- #99 in Civil War Antietam History
- #341 in International Diplomacy (Kindle Store)
- #414 in Reconstruction History of the U.S.
- Customer Reviews:
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After a short biography of the two men, the author focuses on this partnership where two rivals came together for the good of the nation and then became fast friends. Lincoln set the policy; Seward implemented it. Disagreements were quickly resolved. Major topics covered include Seward’s call to provoke a foreign war in 1861 to get the South back into the Union, the Trent Affair, the threat of European intervention and recognition of the Confederacy, the issue of European blockade runners, the commerce raiders and Laird rams under construction in Great Britain (and meant for the South’s navy), the influence of the Emancipation Proclamation on Europeans, and the impact of the Northern victories at Vicksburg and Gettysburg. The overarching goal of the tandem of Lincoln-Seward was the preservation of the Union, but to accomplish it, they had to prevent European recognition of the South and avoid a second war that could have been catastrophic.
Fry also spends a chapter on Seward’s tenure as secretary of state under the Johnson presidency. Seward’s main objective during these years was to expand American commerce, especially in Asia. The acquisition of Alaska fit nicely into his plan. However, he was less successful in attaining an island or naval base in the Caribbean, constructing a canal in Panama, and gaining control over the Hawaiian Islands. The secretary may have been at his best in his dealings with Napoleon III’s attempt to establish a European monarchy under French protection in Mexico. Rather than invade to drive the French out, Seward bid his time, allowing circumstances in both Mexico, France, and the German states to convince the emperor to abandon this project. French evacuation was done without the cost of a single American soldier’ life.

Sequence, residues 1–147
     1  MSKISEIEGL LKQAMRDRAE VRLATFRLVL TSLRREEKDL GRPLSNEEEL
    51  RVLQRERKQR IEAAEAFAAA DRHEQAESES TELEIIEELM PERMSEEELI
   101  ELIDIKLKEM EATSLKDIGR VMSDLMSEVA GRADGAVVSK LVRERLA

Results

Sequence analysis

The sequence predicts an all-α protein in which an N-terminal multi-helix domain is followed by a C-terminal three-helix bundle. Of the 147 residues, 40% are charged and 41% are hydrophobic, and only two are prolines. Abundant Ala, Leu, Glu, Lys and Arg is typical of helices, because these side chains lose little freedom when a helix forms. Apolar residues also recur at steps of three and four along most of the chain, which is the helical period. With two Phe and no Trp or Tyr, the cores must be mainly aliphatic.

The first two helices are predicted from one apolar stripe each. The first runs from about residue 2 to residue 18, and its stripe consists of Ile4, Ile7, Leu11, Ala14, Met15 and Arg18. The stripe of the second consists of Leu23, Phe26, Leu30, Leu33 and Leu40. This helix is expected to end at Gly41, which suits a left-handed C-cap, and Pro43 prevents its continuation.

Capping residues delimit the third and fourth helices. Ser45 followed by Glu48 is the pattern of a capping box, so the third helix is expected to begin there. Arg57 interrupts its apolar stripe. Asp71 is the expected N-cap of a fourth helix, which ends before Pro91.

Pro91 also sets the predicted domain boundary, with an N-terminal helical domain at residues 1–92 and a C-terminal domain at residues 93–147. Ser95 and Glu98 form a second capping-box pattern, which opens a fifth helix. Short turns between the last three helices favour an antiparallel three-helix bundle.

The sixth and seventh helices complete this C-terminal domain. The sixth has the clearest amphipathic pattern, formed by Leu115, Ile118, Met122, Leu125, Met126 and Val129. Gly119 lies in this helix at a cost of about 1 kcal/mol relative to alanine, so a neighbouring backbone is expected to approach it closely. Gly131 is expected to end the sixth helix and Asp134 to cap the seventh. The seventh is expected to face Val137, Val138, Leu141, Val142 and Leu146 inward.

Seward has gone down as the second greatest secretary of state (behind John Quincy Adams) in U.S. history. His partnership with Lincoln is the greatest president-secretary of state combination in the nation’s storied past.
While meant primarily for students and novices of Union diplomacy during the 1860s, students of the Civil War will still find this a good read. The lengthy biographical essay will point one to more detailed works on various people and events of the years 1861-1869. The cost of this book is moderate, but the paperback version (which is sure to come) will be very affordable.
Most readers familiar with Lincoln's Administration and its fraught relationship with England and France will find little new here. More interesting to me was the attention given to Seward's work during the Johnson Administration, including why he stayed on under the despicable Andrew Johnson and how he secured the United States' purchase of Alaska from the czar.
As an aside, I find it irritating when book editors either mandate or allow the style usage of "US" in place of "U.S."